Ways to pay Chinese suppliers: the good, the bad and the ugly

Currencies Direct April 19th 2016 - 4 minute read

If you are sourcing your products from Chinese suppliers or manufacturers the payment terms and the method you use can determine the success or otherwise of your venture. But if you do not have an existing relationship with your supplier, if you are just placing a small order or require a customised product you may not have much leverage as to how and when you pay.

Much has been published in online forums and blogs about Chinese payment scams – and they certainly do occur. As a buyer, you will be looking to minimise these risks, while keeping your payment costs as low as possible. Some payment methods expose you to more risk and offer less recourse than others, so in this blog we look at the ‘good, the bad and the ugly’ among the most common payment methods to help you to avoid the main pitfalls.

Agree payment terms

First and foremost, the payment terms need to be agreed. There are basically three options: full payment in advance; deposit up front with balance on delivery; or credit with the Chinese supplier.

The basis of payment terms is the level of risk each party is prepared to take – combined with the relative sizes of buyer/supplier and whether or not there is an existing relationship. Buyers will have more leverage with suppliers if:

  • They are placing a high-value order
  • They are dealing with a major supplier
  • There is an existing relationship with the supplier

Select payment method

Once payment terms have been settled, the payment method needs to be agreed. There are a number of options here, some of which are more popular with Chinese suppliers than others. Buyers should select an option that combines lower risk with higher recourse. The cost of each method should be taken into account too: lower risk often comes with a higher price tag; and some methods are not economic for large quantities – or conversely, for very small value orders.

The most common methods are summarised in the table below.

Additional ways to protect your cash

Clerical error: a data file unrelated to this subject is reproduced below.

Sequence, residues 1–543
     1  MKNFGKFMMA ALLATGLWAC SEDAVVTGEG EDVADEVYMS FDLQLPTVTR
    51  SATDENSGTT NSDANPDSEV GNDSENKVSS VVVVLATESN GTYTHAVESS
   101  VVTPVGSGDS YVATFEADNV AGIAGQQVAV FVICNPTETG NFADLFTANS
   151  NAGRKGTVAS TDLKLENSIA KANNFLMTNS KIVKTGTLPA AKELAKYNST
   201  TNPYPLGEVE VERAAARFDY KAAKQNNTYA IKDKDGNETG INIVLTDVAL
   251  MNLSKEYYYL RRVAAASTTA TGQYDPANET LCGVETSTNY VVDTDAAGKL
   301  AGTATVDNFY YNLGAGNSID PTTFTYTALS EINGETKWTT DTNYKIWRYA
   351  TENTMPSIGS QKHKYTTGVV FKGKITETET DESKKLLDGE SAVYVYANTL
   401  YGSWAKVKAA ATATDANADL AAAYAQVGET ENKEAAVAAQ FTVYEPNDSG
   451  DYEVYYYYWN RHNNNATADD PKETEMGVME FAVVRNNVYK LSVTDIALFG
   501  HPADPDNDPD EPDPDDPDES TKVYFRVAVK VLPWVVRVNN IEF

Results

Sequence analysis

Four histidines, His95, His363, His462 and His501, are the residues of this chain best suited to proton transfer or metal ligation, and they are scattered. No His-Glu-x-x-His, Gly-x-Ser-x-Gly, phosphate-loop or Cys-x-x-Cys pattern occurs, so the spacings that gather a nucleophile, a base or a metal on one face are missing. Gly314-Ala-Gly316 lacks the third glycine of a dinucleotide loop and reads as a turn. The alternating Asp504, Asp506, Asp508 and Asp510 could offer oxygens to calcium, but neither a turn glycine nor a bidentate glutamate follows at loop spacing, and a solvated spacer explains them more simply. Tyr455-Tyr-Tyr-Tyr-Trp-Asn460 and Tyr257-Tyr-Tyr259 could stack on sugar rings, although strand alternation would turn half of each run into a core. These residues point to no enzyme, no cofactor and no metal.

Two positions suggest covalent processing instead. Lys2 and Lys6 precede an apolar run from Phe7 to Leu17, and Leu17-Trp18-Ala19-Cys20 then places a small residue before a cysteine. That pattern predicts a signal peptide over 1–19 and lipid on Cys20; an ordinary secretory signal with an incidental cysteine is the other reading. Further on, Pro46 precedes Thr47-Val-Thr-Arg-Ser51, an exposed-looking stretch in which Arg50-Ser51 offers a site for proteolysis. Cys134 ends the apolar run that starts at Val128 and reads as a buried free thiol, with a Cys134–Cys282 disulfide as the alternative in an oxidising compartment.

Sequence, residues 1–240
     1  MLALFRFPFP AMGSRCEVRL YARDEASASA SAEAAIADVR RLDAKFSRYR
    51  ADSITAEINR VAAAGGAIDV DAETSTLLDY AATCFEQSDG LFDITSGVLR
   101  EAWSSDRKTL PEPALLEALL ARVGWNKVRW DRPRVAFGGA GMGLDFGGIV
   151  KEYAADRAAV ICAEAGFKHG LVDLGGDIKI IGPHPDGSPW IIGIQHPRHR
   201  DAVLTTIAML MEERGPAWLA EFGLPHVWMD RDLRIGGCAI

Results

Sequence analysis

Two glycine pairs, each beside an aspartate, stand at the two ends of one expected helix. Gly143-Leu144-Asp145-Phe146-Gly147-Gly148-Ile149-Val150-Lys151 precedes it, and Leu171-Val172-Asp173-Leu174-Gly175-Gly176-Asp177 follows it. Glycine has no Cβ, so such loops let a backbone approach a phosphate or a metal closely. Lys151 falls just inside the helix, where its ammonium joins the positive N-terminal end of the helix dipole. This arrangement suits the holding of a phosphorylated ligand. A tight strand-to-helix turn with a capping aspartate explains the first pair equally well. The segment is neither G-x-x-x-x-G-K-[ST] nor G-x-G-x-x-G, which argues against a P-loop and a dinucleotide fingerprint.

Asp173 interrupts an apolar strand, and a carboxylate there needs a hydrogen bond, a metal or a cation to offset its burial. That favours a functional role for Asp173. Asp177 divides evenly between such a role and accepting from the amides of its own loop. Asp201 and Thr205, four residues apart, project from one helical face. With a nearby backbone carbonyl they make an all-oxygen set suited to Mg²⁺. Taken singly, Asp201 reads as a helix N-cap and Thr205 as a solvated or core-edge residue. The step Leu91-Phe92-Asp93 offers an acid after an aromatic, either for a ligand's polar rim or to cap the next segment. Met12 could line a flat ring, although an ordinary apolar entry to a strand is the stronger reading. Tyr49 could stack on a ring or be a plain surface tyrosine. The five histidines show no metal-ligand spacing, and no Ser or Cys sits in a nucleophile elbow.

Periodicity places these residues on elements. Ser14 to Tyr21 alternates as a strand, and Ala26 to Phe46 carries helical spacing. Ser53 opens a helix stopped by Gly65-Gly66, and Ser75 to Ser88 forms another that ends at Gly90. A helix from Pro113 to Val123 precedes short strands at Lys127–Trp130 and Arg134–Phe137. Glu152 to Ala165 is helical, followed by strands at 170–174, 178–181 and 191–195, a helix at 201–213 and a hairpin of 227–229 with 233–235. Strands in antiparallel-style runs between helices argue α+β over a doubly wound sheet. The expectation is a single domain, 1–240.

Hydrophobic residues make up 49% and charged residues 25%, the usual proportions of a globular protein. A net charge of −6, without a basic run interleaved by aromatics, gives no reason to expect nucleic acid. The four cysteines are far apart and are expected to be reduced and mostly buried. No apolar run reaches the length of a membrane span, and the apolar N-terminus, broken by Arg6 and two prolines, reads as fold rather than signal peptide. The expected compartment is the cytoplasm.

Once the payment terms are agreed and the payment method selected – don’t forget some common sense precautions you can take to minimise your risks:

  • Check out the supplier thoroughly – you should already have done this as part of your due diligence in the selection process to make sure you are dealing with a legitimate company.


  • Place a small order first, with a test payment to check how the supplier handles it.  


  • Do not make a payment before you have a signed and stamped contract and proforma invoice.


  • Make sure you are paying the correct entity, ie, check that the bank account details correspond to the supplier.


  • In paying the balance of an order, try to get your supplier to agree to this being done as far down the line as possible to reduce your risks – and clarify this timing in the sales contract for example:

> After production is completed but before shipping
> After the products have passed pre-shipping inspection
> After the container has sailed, based on a bill of lading. 

  • Avoid paying in full up-front, as this will remove any incentive for the supplier to correct problems after delivery.


  • Protect yourself from foreign exchange risk

Currency considerations

Firstly, you will need to decide which currency you will be using to pay for your imports. The possibility of paying Chinese suppliers in RMB is a recent development that importers should be aware of. Renminbi is the fastest growing settlement currency and is an attractive proposition for Chinese suppliers who will not have to shoulder the burden of currency exchange, however, trading restrictions for the yuan remain and the majority of invoices continue to be settled in US dollars.

Recently, fear that the global economy is slowing (sparked by shrinking growth in China and dropping oil prices) has had an impressive impact on currency markets. Both Sterling and the US dollar have been sensitive to these unravelling trends and the GBPUSD exchange rate has been very volatile since the end of last year.

At the end of November 2015 GBPUSD was at a rate of around 1.50 and an invoice for $10,000 would have cost an importer £6,666. Three months on, at the end of February 2016, the same purchase would have cost £7,246 when the GBPUSD rate dropped to 1.38. This case illustrates the real impact of exchange rate movements on UK-based sellers: receiving less dollars per pound made importing from China significantly more expensive in this short space of time.

When exchange rates can change so dramatically between the date of a purchase agreement and the date of payment the uncertainty surrounding the true cost of your stock can make imports a high-risk option.

There are ways to protect your business from currency depreciation and remove this element of risk when importing. The use of forward contracts allow you to secure an exchange rate for up to a year in the future so that you can be certain of the amount you will eventually be spending when you come to complete a purchase. Contact a specialist foreign exchange provider who will be able to help minimise any risk to your business.

There will always be an element of risk when sourcing from overseas. The key is to reduce this as much as you can until you have built up a network of trusted suppliers.

Don’t forget – it can be a risky business for suppliers too.


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Currencies Direct

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